Home >News >India >Amartya Sen draws line between populism in West, India

NEW DELHI : Soon after the war with China and then with Pakistan in the 1960s, eminent economist Amartya Sen had spent a few weeks in Lahore and Karachi before returning to India. “It was difficult to sense then that there had been a war between the two countries," he said, comparing the atmosphere then with the current environment after the terrorist attack in Pulwama, India’s strike on terror camps across the border, and Pakistan’s shooting down of an Indian Air Force (IAF) aircraft.

“There is no hardened foundation of difficulty between the two countries as there is in the Israeli-Palestinian situation," he said, referring to the shared ancestry and the politics leading to Partition. “It is important to recognize this difference. Something is being planted in our minds, which is not a historic division," he said at the first Neelabh Mishra Public Dialogue in Delhi Wednesday.

Nobel Laureate Sen’s discussion was a blend of history, remembered jokes and stories from his youth to illustrate the importance of being open to a multiplicity of ideas.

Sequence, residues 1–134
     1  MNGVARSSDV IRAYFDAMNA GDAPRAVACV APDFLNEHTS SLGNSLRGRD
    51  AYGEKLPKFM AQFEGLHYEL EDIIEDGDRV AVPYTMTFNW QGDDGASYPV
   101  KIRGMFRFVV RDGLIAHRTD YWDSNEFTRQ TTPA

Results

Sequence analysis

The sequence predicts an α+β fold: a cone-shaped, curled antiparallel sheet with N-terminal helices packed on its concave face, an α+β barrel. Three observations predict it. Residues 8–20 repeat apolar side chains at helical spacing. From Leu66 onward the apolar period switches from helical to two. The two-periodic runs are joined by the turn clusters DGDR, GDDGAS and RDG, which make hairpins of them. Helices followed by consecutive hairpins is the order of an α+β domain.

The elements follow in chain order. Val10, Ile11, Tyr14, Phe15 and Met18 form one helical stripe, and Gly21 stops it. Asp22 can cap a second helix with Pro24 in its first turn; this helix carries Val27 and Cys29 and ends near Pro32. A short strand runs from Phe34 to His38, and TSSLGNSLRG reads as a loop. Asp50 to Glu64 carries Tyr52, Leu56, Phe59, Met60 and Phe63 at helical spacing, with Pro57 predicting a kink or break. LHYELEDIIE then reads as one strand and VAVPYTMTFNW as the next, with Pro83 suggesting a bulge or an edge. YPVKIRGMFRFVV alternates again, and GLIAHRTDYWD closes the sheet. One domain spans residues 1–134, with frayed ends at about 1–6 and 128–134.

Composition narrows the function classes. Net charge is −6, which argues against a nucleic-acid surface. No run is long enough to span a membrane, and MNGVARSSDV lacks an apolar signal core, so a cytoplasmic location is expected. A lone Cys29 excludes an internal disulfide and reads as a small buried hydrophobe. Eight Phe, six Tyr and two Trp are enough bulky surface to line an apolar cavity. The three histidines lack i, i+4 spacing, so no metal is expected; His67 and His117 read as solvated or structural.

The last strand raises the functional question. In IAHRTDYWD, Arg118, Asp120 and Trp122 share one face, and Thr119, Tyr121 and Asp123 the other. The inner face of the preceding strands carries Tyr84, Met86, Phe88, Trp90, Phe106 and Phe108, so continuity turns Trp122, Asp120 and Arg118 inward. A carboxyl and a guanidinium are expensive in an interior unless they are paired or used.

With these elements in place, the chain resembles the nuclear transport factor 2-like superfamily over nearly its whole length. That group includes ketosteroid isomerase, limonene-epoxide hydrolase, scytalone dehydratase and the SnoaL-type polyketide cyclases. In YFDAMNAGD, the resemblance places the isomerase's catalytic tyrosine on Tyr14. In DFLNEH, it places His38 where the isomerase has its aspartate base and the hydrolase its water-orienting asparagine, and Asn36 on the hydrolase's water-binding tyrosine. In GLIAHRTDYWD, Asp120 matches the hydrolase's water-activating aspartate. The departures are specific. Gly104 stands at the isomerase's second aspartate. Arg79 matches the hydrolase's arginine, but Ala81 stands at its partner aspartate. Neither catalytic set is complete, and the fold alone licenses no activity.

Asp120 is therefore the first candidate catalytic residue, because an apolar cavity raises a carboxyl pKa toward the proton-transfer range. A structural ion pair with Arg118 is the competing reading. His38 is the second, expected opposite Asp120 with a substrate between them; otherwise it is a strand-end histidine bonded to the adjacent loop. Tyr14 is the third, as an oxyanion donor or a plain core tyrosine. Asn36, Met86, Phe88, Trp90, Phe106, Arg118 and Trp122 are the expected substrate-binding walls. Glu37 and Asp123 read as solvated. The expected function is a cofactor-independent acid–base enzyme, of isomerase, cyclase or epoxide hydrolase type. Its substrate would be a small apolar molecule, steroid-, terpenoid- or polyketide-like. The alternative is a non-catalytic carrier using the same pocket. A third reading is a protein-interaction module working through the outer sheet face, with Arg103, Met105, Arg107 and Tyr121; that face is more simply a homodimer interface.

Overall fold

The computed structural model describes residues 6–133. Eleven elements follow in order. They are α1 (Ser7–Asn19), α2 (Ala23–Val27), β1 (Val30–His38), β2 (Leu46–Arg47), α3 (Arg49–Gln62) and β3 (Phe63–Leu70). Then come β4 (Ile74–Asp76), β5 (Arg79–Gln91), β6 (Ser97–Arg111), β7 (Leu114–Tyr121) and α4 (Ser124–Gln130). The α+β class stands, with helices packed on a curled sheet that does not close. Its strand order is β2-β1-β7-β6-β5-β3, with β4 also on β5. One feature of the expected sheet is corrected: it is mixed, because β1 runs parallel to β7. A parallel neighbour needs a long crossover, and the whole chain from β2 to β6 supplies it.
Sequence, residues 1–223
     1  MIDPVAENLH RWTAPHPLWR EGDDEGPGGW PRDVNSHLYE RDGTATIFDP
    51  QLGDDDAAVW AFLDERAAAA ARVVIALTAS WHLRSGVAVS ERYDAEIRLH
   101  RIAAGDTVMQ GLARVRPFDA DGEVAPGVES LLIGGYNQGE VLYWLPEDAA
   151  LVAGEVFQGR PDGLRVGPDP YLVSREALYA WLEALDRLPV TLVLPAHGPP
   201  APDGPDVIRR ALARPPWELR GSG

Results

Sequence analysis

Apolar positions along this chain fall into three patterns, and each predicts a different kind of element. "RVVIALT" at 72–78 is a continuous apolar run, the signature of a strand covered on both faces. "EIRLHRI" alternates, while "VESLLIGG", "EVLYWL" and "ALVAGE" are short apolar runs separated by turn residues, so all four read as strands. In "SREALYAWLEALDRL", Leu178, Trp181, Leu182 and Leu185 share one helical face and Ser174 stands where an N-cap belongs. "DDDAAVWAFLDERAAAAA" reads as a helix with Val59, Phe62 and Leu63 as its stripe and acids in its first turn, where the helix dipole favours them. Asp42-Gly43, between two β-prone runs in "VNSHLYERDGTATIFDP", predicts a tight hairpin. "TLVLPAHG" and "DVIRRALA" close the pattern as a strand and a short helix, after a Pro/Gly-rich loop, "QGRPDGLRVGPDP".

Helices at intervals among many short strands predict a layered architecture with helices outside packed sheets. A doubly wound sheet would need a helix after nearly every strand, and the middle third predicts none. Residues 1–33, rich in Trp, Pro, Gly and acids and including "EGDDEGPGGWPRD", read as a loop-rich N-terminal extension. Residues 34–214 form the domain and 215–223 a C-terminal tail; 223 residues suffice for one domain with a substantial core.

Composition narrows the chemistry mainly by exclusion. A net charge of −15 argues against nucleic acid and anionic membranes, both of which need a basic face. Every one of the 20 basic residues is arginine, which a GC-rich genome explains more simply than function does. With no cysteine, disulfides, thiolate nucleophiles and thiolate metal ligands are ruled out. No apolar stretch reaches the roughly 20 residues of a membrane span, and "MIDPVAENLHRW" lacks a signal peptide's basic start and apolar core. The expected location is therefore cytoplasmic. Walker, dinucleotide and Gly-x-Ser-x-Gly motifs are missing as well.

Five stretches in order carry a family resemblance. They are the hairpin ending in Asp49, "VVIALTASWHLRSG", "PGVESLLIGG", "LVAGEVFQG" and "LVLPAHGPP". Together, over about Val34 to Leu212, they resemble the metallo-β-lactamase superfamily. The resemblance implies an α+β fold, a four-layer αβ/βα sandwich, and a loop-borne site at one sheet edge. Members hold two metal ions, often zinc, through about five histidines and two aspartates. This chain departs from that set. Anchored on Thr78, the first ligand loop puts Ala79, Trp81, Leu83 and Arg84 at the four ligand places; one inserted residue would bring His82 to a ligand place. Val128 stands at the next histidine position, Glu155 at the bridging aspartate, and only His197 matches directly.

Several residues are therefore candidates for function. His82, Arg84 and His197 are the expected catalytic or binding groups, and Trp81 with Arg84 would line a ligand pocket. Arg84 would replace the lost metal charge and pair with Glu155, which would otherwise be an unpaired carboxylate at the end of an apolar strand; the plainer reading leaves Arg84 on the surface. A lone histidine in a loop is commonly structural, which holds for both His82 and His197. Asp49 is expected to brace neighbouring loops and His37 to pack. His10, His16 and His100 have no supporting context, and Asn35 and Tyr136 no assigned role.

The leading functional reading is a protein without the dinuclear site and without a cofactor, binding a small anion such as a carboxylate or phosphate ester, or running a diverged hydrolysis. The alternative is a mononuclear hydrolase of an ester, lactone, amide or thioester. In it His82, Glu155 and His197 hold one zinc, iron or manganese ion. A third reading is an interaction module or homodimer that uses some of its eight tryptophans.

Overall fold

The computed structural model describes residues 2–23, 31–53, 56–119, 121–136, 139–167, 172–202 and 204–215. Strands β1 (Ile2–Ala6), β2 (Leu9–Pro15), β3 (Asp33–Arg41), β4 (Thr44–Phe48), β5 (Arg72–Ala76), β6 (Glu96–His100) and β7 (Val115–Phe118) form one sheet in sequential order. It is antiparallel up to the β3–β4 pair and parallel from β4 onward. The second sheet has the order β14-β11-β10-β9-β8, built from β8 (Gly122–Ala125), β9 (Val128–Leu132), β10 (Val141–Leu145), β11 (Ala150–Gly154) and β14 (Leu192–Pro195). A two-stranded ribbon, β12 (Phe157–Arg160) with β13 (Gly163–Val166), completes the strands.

Identity, too, has many shades, and is not just related to nationality, he said. “The nation is not our only identity. So, I think there are good reasons for being anti-national. Depending on what the context is, you could take the liberty of being against your national identity in favour of these other identities you also hold."

That isn’t a view that’s easily accepted at a time when nationalistic ideals hold sway, and Sen often referred to the fact that his statements could have him facing charges of sedition, which in his view implies violently destroying a state and not just disagreeing with the government. “It’s amazing how entire institutions are able to do sedition in India," he said, referring to the controversy involving the New Delhi-based Jawaharlal Nehru University.

Populism seems to be sweeping the world, but Sen made a distinction between the kind of populism in Europe and the US, and the fervour in India. “We have integrated populism with our divisions of caste. We are not concerned about whether we are carrying the entire population with us. For instance, cows are eaten by many communities, but now new laws exclude them in the name of respecting popular ideas. The Indian combination of animosity that goes with division in terms of caste and tribe has given populism a further shade that European populism does not have."

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